THE POWER OF CIRCULAR THINKING: "Dungeons" are best organized as loops.

I think, at a basic level, the single best thing a person can do to create interesting dungeons is design them in loops. In part, because it provides for an immediate choice: left or right, red door or blue door, wide rotting rope bridge or thin natural rock bridge? And choice is at the heart of exploration.

Jennell Jaquays seemed to understand this very intuitively and her technique is covered very extensively by The Alexandrian in a post describing such. Loops are used with nested dungeons, vertical paths, incomplete paths etc to create dungeons interesting to explore. Even if there were no monsters, the connections in the Dark Tower promote curiosity as do the ones in Caverns of Thracia.

A more recent concise statement of the power of loops in dungeon design was pointed out by Questing Beast in an article discussing how the Rogue-like game, Unexplored, improved their procedural generation via loops. The image below is from the article.

A lot of the examples in the above image would make solid D&D predicaments: Do we go left or right? Do we risk traps or monsters? What does our (hopefully rolled randomly) party composition provide for-- can we take the obvious shorter but dangerous route? Choice is at the center of these questions. Loops make it easy.

Dyson Logos recent post one of his community-funded maps The Gardens of the Absent City. Now its a pretty great dungeon from the beginning because of the pillared hallway to the far left and the gardens and lake to the far right. But what you can subconsciously detect right away is its got a lot of loops.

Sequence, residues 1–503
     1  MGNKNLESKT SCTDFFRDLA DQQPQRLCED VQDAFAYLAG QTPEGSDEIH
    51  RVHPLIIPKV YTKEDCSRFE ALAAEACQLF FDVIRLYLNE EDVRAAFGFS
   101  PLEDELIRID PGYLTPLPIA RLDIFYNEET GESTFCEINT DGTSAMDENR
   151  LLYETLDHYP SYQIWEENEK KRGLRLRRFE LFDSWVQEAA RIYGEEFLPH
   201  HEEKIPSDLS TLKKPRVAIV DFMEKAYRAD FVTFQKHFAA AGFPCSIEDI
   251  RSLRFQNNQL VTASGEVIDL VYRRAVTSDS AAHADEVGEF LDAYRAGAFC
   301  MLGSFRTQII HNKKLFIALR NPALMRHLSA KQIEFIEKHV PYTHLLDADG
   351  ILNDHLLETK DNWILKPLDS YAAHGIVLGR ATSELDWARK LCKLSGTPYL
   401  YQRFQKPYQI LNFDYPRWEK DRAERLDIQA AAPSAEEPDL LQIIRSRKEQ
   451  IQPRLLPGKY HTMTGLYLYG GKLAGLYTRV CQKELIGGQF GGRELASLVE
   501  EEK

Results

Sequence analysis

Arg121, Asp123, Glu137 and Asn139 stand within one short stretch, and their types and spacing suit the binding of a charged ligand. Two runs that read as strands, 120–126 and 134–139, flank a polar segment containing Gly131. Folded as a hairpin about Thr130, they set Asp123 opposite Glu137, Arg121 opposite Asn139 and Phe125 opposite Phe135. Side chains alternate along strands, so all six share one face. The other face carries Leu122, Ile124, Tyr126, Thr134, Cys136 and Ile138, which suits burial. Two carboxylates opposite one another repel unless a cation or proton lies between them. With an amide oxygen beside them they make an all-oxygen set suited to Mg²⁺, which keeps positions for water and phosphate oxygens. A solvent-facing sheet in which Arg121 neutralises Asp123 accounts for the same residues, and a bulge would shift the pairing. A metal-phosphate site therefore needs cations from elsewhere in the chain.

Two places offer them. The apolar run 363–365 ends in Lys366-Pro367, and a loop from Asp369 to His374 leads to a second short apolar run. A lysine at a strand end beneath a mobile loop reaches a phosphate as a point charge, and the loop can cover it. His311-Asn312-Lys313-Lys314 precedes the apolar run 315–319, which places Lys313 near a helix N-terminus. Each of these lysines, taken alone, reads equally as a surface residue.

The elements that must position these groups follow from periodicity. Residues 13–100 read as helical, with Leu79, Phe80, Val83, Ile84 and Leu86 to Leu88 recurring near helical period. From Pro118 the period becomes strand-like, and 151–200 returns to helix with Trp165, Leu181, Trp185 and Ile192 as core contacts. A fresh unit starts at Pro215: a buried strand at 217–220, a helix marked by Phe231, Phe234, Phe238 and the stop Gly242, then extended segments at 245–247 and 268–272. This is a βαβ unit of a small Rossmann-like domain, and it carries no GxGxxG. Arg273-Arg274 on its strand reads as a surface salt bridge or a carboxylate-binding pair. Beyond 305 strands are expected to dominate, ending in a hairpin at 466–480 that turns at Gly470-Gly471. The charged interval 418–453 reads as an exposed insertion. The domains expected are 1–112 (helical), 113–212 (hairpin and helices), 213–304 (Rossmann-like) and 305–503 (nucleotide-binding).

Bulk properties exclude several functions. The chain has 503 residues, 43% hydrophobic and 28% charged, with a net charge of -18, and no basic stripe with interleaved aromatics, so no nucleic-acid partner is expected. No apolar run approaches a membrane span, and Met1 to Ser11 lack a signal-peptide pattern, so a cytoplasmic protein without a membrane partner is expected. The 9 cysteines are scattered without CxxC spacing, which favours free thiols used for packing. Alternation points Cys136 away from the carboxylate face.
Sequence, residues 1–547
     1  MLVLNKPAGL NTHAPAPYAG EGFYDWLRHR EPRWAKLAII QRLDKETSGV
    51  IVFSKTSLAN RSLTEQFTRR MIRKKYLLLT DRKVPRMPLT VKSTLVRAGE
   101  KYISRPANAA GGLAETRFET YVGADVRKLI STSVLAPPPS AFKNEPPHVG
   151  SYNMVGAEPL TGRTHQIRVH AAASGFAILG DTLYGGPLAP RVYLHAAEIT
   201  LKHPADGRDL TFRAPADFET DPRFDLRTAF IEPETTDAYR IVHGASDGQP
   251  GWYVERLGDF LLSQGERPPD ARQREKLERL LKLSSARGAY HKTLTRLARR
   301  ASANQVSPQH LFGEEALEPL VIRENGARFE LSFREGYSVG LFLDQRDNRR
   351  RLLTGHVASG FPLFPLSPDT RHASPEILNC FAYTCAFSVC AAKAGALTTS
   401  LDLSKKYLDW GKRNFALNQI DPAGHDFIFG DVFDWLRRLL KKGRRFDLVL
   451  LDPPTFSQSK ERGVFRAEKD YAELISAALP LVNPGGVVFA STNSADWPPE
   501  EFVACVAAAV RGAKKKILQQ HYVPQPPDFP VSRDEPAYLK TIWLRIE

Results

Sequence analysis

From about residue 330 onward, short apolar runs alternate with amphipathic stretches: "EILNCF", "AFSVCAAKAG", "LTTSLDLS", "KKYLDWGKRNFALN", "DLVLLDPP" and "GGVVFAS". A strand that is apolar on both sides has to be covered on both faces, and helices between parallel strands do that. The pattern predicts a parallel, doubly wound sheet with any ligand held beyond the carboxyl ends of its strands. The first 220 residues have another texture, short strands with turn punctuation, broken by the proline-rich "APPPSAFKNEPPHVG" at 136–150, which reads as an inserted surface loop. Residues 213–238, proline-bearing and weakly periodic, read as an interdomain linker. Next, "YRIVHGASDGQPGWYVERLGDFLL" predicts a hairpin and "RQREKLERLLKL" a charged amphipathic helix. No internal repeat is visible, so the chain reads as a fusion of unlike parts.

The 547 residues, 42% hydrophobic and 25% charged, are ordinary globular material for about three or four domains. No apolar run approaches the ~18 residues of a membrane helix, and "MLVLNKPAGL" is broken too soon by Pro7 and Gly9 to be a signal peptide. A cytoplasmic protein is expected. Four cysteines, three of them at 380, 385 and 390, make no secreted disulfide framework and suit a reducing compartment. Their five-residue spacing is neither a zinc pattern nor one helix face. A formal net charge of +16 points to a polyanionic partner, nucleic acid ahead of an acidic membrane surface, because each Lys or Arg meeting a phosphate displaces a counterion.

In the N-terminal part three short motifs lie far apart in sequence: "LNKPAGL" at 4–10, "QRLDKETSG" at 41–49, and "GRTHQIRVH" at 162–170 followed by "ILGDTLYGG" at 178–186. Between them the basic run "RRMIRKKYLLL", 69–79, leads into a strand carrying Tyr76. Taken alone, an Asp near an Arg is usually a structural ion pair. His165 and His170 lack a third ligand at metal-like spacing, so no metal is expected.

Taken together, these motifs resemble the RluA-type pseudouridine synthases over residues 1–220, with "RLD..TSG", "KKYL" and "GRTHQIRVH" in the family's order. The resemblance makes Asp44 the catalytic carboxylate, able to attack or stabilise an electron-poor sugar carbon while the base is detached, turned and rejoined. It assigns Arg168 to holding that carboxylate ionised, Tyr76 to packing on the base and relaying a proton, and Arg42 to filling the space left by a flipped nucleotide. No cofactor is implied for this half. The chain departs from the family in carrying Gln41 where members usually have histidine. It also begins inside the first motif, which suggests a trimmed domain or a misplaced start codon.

Looking at the article above and thinking of major and minor nodes, I feel like there are about 8 major nodes and ~4 minor ones. This combines to make several large and small loops in the dungeon. The map feels interesting to explore because few single routes allow you to see everything- you have to choose. However, the players will end up at a familiar spot allowing more educated planning to attack the next loop- choice again only rewarded with more information.

This can be enhanced by adding themed nodes in some manner. Maybe by obstacle type as in the Unexplored image above or by the environment. With that additional layering, loops become even more enticing to explore because they cross several of these themes. In Dyson's map, that might be temple (A), lake (E), garden (C), crypts (F), back to the temple (A).

A DM could also connection points to extend a theme from one area into another which create a unique setup but also alerts the players to the presence of loops. For instance "E" is a lake/water in the environment. While "A", "B", and "D" nodes kinda look, to me, like a temple with a well linking "A" to "E". So what if you have a lot of fire god statues, but a lot of water monsters walking around. This is interesting because it is unexpected and it alerts players to a potential alternative path in "A" other than the four doors they see.

Loops create choice, choice creates interest in exploration, exploration provides reward beyond combat.